Central bank governor John Mangudya also said the strong growth in agriculture and mining would drive growth this year, but stressed the need for Zimbabwe to ratchet up the reforms and accelerate re-engagement with international financial institutions in order to secure fresh offshore lines of credit to revive the distressed economy.
The two were speaking while jointly presenting their mid-term fiscal and monetary policies respectively.
"If this six percent is realized, then Zimbabwe will join what I call the six percent club, a grouping of countries in Africa that are growing at six percent and above," the minister said.
He said the economic challenges facing Zimbabwe were not insurmountable but required urgent and bold decisions.
Among the challenges were foreign currency and cash shortages, an unsustainable high budget deficit and current account deficit, emerging inflationary pressures, infrastructure deficiencies and weak social services delivery, Ncube said.
He said the high budget deficit was destabilizing financial sector stability and crowding out the private sector, resulting in suppressed national production.
"The (high budget deficit) has also increased money supply in the economy, translating into exchange rate misalignment and inflationary pressures," he said.
Government's domestic debt jumped from less than US$300 million in 2012 to US$9.5 billion by August 2018 while foreign debt stood at US$7.4 billion.
In total, government debt stood at a whooping US$16.9 billion, the minister said.
To contain the high budget deficit, the minister said government will limit the use of the Reserve Bank of Zimbabwe's overdraft facility and also curtail RBZ advances to the government.
He said Zimbabwe was in dialogue with the World Bank, African Development Bank and the European Investment Bank to clear a combined US$2.5 billion that it owes the three multilateral financial institutions.
The debt ridden country was also engaging the Paris Club to restructure its US$2.8 billion debt arrears.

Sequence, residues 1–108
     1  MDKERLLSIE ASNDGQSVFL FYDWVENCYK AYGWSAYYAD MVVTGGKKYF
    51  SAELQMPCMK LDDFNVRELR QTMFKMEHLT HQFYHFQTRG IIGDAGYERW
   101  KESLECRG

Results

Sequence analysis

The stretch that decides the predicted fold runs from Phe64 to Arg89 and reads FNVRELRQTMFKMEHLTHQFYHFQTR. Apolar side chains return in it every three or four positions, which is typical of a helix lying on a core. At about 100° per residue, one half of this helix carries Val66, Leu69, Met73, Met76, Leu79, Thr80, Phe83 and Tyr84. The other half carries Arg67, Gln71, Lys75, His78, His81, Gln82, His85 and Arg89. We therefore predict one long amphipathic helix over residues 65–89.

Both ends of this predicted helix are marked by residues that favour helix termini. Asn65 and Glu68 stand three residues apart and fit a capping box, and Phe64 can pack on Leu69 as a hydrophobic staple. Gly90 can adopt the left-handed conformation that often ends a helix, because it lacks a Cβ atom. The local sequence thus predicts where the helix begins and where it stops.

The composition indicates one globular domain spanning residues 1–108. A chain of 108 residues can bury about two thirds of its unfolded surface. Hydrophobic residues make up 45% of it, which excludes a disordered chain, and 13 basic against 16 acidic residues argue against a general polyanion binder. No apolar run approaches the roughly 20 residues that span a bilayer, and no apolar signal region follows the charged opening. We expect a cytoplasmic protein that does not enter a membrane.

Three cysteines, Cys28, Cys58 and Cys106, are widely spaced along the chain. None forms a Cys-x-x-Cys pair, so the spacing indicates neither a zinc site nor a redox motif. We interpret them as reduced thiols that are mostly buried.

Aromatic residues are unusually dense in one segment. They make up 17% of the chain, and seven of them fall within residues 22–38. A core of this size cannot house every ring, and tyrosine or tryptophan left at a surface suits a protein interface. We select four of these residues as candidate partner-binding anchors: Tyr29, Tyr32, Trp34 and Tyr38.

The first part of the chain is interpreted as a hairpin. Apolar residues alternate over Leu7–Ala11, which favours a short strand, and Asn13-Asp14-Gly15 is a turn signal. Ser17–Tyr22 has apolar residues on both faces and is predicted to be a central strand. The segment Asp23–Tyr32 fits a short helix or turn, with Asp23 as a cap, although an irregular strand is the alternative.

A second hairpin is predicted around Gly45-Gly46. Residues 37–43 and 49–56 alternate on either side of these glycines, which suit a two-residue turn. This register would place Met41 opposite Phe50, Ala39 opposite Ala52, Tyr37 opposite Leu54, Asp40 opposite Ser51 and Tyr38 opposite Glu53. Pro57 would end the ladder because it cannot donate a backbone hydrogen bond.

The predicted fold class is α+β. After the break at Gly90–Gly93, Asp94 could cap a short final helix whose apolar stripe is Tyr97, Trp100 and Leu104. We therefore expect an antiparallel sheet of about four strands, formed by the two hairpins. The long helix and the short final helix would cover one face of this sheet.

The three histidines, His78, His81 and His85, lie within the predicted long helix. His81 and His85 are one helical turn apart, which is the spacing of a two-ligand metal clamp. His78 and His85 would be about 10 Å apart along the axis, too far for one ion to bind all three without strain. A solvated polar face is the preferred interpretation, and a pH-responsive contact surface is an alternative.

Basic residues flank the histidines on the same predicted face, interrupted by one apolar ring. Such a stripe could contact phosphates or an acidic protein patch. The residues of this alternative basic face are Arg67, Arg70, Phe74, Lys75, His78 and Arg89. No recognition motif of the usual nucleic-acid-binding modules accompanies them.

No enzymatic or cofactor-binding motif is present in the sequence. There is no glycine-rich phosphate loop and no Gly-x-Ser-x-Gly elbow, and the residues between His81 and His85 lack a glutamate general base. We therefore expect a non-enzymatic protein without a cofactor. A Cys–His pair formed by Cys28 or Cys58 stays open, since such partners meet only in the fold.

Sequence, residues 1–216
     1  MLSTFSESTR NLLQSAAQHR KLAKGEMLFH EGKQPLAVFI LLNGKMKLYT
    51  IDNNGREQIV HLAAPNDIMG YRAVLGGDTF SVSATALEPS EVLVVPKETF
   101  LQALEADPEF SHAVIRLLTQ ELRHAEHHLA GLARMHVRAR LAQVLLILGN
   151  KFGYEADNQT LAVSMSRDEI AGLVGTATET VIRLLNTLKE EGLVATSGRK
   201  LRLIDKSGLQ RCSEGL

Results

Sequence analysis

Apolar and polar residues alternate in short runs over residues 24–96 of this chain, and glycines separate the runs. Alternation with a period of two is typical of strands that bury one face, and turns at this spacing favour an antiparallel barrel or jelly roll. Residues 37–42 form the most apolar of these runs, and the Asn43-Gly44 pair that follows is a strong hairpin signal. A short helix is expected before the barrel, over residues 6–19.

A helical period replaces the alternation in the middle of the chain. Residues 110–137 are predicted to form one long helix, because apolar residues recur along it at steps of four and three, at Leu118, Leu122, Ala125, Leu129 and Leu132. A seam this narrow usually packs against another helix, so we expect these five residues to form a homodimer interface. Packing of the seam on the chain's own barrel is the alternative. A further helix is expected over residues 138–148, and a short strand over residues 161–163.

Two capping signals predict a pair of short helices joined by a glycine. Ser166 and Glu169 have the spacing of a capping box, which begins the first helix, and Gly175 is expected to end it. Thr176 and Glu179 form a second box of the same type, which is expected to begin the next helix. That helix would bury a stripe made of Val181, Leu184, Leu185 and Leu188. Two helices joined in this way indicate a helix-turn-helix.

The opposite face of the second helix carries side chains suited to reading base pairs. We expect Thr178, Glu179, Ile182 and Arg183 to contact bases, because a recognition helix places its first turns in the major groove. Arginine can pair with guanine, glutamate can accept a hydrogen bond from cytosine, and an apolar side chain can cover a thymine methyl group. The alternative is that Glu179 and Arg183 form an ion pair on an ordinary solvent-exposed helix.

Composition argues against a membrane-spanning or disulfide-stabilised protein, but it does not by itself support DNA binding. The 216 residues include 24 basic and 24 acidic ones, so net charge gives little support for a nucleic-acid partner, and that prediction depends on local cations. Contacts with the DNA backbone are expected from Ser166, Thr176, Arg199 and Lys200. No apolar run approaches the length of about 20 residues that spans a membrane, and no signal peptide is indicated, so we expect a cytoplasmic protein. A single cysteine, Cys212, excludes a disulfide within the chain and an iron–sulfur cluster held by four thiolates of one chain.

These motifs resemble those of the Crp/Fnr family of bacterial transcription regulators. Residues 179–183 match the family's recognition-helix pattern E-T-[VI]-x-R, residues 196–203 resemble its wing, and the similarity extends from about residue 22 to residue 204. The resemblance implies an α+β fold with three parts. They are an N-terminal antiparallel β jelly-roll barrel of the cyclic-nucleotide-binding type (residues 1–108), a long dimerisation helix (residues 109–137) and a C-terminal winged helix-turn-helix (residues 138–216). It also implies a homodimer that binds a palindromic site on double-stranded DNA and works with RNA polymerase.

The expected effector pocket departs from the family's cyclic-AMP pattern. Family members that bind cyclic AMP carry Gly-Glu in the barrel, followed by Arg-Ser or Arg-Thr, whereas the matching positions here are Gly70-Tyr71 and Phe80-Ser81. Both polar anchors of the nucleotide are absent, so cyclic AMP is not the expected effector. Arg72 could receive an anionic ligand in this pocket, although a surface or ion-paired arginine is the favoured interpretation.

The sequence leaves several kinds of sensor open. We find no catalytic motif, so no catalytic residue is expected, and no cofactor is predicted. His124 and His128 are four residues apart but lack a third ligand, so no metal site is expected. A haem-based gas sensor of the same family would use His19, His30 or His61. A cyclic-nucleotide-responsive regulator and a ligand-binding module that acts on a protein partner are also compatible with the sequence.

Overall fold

Governor Mangudya said Zimbabwe needed to take painful and tough decisions to turn around its economy, and announced a raft of measures to improve supply of forex and boost confidence in the economy.
He said despite inflationary pressures in the economy, Zimbabwe's inflation was projected to remain within the Southern African Development Community's inflation benchmark of seven percent.
The central bank had arranged for US$500 million in offshore lines of credit to finance critical imports as well as another US$255 million to prop up the economy, he said.
Mangudya gave banks up to Oct. 15 to comply with a central bank directive to allow clients to open separate Nostro and RTGS foreign currency accounts in order to preserve the value of money for generators of forex.
The governor also said drivers of foreign trucks will now purchase their fuel in Zimbabwe in U.S. dollars to curb their abuse of foreign exchange distortions on the market.
Mangudya emphasized that curbing corruption and boosting production to generate foreign currency was key to drive growth in the economy. He also refuted claims that the central bank was dealing in the thriving parallel market for foreign currency.
Meanwhile, the finance minister said Zimbabwe should consider establishing a regional fuel dry port as a long-term solution to the fuel crisis it is facing due to the ongoing shortage of forex.
He also dissolved the board of the tax revenue collector, ZIMRA and said a new board will be announced soon.